But this happy story too, unfortunately, has a very sad end, unknown even to many of the patients who were fortunate enough to have been treated and operated upon by the legendary Dr. C.B. Murthy, during the days when he was a most dedicated and capable surgeon and most importantly, a very noble-hearted and benevolent soul.

He can undoubtedly be counted among the finest doctors our city has been fortunate enough to see over the glorious past, when doctors were looked upon as visible gods, walking on this earth. I count myself as one of the few very lucky persons who, although a Physician, had a very close working relationship with him, while I was attached to the B.M. Hospital, which he established in the early eighties after resigning from government service.

Actually, my friendship with him was a fallout of the close friendship Dr. Murthy and his close associate, Dr. M.V. Govindappa, a renowned Physician of our city, had with my father, from the days before I entered Medical College.

Later, during my post-graduation, Dr. Govindappa became my teacher and very interestingly, his son Dr. M.G. Satish became my student, while he was in Medical College!

Not a single day used to pass without Dr. Murthy and me meeting in his chamber, over a cup of very strong and painfully bitter coffee, brewed specially for me, by the hospital canteen, on his orders. It was not that I used to like my coffee like that, a fact that he knew very well, while also knowing that I liked my coffee very light, milky and sweet.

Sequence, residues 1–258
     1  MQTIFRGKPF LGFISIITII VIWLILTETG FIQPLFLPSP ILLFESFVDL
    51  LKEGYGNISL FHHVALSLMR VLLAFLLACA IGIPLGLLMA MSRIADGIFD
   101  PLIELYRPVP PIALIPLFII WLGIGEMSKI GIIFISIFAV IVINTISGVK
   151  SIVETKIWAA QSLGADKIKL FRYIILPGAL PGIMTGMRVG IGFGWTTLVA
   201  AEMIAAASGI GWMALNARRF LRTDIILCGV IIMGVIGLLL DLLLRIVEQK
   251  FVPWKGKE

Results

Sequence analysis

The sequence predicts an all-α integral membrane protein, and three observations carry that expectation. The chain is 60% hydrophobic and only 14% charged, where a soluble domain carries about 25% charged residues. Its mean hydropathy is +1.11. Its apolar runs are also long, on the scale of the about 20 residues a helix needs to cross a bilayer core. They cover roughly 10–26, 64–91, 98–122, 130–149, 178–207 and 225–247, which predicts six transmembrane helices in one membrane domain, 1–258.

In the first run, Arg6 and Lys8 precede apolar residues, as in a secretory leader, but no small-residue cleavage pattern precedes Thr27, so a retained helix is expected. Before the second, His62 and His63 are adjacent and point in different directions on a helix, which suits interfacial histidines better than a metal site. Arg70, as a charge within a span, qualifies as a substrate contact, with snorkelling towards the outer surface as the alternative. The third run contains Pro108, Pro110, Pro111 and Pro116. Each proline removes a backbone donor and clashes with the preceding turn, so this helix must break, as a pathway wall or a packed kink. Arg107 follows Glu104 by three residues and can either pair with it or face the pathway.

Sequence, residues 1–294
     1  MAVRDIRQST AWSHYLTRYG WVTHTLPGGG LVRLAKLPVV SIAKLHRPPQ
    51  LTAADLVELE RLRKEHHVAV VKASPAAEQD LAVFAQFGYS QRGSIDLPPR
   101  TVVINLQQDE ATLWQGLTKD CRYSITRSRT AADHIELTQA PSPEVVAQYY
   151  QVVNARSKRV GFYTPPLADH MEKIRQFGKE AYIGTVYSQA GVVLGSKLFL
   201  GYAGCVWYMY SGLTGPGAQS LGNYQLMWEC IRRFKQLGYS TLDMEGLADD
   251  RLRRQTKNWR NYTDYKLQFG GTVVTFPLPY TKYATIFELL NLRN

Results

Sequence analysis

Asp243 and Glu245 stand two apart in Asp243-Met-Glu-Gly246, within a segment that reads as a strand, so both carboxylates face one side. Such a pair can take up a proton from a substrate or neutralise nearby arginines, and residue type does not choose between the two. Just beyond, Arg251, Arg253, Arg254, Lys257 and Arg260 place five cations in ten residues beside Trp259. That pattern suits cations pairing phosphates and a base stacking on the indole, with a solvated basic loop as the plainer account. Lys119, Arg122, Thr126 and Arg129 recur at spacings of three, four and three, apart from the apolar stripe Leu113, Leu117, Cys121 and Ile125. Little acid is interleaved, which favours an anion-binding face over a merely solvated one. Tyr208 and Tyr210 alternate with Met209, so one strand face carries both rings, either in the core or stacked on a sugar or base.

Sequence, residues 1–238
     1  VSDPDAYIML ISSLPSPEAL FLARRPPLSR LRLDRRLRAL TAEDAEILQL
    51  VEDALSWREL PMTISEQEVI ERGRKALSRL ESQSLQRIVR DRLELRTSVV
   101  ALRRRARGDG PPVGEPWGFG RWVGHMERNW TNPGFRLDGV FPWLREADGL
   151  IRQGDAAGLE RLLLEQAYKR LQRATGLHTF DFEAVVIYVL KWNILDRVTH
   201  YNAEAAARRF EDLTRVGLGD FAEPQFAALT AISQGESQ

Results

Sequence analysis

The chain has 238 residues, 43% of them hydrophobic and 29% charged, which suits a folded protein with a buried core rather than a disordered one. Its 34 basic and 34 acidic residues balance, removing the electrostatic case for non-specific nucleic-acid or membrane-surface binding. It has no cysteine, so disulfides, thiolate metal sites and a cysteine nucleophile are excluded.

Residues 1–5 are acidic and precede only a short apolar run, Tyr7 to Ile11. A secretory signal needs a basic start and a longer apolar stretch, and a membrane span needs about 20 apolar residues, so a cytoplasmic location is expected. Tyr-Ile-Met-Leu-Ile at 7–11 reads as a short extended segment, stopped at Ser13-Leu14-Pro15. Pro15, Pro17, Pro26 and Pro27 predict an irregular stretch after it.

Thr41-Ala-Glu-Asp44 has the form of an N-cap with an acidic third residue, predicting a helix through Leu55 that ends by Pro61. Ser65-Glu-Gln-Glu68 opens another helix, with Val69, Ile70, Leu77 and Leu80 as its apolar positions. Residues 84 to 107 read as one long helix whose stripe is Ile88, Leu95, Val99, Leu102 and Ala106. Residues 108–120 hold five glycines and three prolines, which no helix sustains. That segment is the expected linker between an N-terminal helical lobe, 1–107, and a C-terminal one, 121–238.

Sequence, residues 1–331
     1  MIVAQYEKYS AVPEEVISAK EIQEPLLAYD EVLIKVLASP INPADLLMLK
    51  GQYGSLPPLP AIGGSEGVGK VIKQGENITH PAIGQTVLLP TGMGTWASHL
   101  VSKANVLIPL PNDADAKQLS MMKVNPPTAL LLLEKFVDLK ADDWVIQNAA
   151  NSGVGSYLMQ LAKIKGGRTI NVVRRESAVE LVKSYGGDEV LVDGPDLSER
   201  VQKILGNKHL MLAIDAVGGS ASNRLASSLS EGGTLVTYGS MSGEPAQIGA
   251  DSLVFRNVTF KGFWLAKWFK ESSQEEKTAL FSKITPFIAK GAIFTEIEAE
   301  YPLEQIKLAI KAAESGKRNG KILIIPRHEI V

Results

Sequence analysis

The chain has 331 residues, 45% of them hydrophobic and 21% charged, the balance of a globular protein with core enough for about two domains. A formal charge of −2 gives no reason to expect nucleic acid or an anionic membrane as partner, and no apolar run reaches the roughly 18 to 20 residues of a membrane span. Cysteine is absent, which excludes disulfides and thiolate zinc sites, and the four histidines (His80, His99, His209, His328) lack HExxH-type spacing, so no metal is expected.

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But it was only because, being a very withdrawn man with very few friends, he’d open up with, I was the only friend at whose discomfort he could have a hearty laugh, in the privacy of his room! It was his wry sense of humour at work. Not to be outdone, very soon, upon the advice of Dr. Seshagiri Rao, the Chief Anaesthesiologist of the hospital, I devised a very ingenious way of letting Dr. Murthy have his share of fun, while having my cup of happiness, entirely at his cost!

I befriended Ramu, the hospital canteen manager and one day I explained to him my sad predicament and asked him for a solution, which he provided most readily, being a most kind-hearted soul.

After that day, completely unknown to Dr. Murthy, my supposedly strong and bitter coffee used to come to me with an over-generous dash of milk and sugar, which instantly transformed my pain to pleasure. And, all the time, to keep my pretence of agony going, I used to drink it with a most painful looking grimace on my face, at every sip, while the beaming man seated in front, watched my agony with visible glee!

 Although this mutually satisfying game of deceit continued for many years, I had decided, deep down in my heart, that one fine day I would tell him how I had beaten him at his own game. But that day never came and will perhaps never come now, because a year and a half ago, destiny which I said could sometimes be very cruel, suddenly knocked the man down with a massive stroke, leaving him paralysed and confined to a bed, where he is still convalescing, in faraway Mumbai.

Cruel destiny has denied me the chance I had waited for, to make a friendly confession. And, destiny which had been kind to Dr. Shivaram was not so, to his saviour, who is still making a very prolonged and rather unsatisfactory recovery.

If only Dr. Murthy could have read what Dr. Shivaram has written about him with such profound gratitude, two days ago, he would most certainly have felt happy that he did all the good that he did in his working life and his work had not gone unremembered.

But cruel destiny again, has robbed him of it. I told you that this whole story is all about destiny, both cruel and kind. What you make of it now, is entirely up to you!